The U.S. dollar weakened against the yen after the Federal Reserve released the minutes from its January meeting.
The dollar was last at 113.979 , recovering from a low of 113.37 yen struck early in the London session.
Meanwhile, the low-yielding euro extended slight gains against the dollar following the release of the minutes from the Fed's January meeting. It was last 0.19 percent lower at $1.1147.
The Mexican peso bounced further Wednesday after the Bank of Mexico raised its overnight interest rate to 3.75 percent, according to The Wall Street Journal.
The currency rose as much as 5 percent. The U.S. dollar was last down 3.29 percent against the peso.
The move came after reports that Mexico's central bank intervened directly in the forex market, as part of an aggressive new program. Two central bank sources said on the major policy shift was to support the peso, which plunged to fresh lows in recent weeks.
The peso is currently down about 6.5 percent against the dollar year-to-date.
"We are calling the banks to ask them for prices directly and selling them dollars to the financial institutions that give us a price," a central bank source told Reuters. "It is through phone calls to brokers that we are selling dollars to the market."
Mexico is committed to a freely-floating exchange rate and usually refrains from opting for more direct forms of intervention used by other emerging market economies.
Meanwhile, the yen gave up gains on Wednesday as oil prices and stock markets in Europe ticked higher, removing some of the appeal of the safe-haven Japanese currency.
Earlier, the yen had strengthened as Asian stock markets fell and oil prices slipped. In addition, China fixed a softer mid-point for the onshore yuan, a factor that weighed on riskier emerging market currencies and growth-linked currencies like the Australian dollar.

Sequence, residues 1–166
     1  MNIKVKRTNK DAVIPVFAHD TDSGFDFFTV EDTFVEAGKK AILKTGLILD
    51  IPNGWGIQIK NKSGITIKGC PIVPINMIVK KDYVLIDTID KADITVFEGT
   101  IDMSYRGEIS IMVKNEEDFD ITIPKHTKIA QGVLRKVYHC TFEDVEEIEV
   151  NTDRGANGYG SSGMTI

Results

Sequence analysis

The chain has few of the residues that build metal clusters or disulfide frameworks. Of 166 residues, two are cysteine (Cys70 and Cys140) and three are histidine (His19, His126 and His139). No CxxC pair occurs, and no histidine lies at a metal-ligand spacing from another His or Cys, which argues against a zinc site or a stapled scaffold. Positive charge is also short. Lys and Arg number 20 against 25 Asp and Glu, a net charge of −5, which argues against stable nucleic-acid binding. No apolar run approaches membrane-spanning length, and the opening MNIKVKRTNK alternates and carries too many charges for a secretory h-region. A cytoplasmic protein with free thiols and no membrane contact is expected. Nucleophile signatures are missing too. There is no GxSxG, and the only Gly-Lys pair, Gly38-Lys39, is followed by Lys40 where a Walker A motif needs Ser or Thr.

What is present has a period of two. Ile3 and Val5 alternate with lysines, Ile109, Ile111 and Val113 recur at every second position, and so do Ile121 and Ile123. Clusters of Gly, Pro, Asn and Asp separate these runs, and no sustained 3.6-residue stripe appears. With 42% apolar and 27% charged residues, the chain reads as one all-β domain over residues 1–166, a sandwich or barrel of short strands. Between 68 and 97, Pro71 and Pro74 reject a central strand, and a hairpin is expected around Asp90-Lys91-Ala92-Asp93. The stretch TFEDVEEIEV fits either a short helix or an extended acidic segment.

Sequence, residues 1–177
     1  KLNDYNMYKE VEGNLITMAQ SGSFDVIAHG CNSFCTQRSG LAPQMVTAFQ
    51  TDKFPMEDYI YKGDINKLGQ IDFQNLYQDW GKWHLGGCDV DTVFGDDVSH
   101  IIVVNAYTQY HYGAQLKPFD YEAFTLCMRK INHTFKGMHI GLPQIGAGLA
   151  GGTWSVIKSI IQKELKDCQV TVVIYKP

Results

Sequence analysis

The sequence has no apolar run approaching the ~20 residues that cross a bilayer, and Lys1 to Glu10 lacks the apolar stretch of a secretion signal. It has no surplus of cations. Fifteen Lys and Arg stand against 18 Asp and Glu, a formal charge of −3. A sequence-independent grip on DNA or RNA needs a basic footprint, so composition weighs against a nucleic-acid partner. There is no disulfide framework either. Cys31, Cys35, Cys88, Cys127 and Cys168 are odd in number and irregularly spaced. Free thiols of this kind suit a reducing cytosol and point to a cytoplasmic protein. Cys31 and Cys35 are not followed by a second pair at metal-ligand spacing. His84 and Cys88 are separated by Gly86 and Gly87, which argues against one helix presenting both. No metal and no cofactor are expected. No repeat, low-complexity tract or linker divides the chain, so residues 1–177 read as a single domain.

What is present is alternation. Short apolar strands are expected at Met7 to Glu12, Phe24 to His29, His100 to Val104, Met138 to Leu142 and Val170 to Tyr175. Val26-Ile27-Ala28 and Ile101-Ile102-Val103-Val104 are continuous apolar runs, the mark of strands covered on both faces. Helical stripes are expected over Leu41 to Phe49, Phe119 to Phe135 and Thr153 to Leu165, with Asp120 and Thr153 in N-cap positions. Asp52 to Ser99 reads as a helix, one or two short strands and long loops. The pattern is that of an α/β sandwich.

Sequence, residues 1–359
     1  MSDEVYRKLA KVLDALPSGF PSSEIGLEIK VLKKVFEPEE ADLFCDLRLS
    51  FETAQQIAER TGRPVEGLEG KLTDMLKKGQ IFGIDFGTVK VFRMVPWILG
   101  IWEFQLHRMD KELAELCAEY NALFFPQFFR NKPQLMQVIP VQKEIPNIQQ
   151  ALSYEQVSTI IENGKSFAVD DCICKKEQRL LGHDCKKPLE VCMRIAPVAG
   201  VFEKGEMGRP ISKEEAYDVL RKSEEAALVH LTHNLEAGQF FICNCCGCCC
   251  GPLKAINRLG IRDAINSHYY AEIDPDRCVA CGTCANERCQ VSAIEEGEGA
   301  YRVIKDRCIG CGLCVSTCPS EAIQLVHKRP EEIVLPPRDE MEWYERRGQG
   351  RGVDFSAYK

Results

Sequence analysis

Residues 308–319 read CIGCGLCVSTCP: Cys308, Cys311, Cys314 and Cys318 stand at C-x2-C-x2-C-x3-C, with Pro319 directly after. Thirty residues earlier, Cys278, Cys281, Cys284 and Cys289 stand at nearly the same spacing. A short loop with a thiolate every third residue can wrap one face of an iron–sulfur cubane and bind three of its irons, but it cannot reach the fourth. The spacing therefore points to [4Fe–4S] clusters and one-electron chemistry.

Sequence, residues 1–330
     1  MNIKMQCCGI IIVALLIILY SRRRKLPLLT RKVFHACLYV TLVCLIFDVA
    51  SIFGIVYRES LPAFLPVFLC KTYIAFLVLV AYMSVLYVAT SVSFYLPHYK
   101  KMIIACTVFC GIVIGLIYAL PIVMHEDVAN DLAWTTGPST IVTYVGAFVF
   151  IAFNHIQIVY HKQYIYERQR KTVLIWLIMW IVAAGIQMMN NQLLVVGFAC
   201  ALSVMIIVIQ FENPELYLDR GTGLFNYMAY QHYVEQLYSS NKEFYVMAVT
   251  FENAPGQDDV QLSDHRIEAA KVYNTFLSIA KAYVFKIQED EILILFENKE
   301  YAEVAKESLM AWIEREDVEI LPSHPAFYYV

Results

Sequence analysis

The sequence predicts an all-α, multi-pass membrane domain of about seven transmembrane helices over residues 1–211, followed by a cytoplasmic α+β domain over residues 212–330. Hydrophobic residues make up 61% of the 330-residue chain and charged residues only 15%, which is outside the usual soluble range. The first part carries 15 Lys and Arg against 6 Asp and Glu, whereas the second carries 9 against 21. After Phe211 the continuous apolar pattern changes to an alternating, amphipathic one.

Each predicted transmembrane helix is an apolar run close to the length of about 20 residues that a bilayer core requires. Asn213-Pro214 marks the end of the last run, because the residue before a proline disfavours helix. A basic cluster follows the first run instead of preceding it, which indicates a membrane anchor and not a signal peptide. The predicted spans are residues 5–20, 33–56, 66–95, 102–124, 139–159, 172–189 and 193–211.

"We expect the dollar to trade between 112-114 yen, with the market cautious about driving it towards 110 yen, as that could spark off talk of intervention by the Japanese authorities," said Yujiro Goto, a currency strategist at Nomura.
The dollar tumbled below 111 yen last week, a 16-month low, after stocks and commodities plunged and expectations faded for another interest rate increase by the Federal Reserve. It rebounded as risk aversion subsided but remained vulnerable to swings in oil prices.
Oil prices rose as efforts to freeze production levels and ease a global glut turned to Iran, after a lackluster response to Tuesday's deal between Saudi Arabia and Russia. That rise in oil helped European stock markets, although risk sentiment was at best fragile amid concern global growth was slowing.
Nomura's Goto said risk sentiment would dictate direction for now, and traders would be watching U.S. housing and industrial production data and the minutes of the Fed's January policy meeting later in the day for cues.
Over the next month, though, a focal point for the dollar against the yen is the possibility of more monetary stimulus by the Bank of Japan, said Tan Teck Leng, FX strategist for UBS's Wealth Management in Singapore.
"The very reason why they decided to adopt negative rates in January, when dollar/yen was at 118, is because they wanted to encourage wage growth in 'shunto' taking place this month and next month," Tan said, referring to wage negotiations in Japan.
If the dollar is stuck near current levels against the yen by the time of the BoJ's policy meeting on March 14-15, the central bank might adopt further stimulus, Tan said.
The sterling edged up from a two-week low against the dollar after mixed data from the UK labor market showed wage growth slowing but the number of people in employment reaching a record high.